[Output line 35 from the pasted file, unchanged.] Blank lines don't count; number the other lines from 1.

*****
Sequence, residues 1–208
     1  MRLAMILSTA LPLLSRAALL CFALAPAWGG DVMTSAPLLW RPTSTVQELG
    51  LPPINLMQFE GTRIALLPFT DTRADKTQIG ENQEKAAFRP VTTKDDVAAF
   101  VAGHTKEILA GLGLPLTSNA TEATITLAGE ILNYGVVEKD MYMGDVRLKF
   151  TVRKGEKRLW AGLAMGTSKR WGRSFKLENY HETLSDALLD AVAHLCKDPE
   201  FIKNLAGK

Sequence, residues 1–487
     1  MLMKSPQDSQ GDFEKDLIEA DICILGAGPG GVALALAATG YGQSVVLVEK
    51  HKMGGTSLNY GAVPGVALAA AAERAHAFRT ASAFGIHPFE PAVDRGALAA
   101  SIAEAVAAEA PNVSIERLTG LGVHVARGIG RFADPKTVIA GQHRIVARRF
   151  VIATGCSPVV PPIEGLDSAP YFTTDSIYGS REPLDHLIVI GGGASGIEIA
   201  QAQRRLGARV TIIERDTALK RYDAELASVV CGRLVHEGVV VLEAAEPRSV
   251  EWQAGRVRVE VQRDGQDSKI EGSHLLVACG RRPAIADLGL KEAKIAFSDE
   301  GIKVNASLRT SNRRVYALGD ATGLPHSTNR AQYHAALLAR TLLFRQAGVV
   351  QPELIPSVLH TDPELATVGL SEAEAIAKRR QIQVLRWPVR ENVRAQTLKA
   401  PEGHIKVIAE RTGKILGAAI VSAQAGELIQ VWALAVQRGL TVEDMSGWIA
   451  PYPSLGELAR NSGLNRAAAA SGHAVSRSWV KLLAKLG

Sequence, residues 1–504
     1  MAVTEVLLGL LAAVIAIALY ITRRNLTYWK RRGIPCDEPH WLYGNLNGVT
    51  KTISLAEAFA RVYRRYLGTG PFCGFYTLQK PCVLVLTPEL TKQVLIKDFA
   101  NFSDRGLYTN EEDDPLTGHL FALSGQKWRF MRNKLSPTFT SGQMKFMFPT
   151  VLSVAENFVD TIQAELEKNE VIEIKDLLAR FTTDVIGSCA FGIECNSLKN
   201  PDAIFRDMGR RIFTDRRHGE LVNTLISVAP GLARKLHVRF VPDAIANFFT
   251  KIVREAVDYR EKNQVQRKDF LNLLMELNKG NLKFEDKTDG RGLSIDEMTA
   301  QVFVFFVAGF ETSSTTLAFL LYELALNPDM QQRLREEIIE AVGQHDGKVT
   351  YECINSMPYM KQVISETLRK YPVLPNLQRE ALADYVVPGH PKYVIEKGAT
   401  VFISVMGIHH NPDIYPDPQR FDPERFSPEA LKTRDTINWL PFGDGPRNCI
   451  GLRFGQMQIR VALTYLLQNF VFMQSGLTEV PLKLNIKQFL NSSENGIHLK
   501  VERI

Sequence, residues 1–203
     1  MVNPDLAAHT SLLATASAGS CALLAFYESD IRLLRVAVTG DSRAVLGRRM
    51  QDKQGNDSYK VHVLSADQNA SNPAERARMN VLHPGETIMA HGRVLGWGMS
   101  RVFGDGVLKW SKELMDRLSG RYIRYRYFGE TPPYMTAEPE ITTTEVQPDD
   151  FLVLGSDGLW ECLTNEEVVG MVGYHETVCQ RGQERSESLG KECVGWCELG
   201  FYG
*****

   201  FYG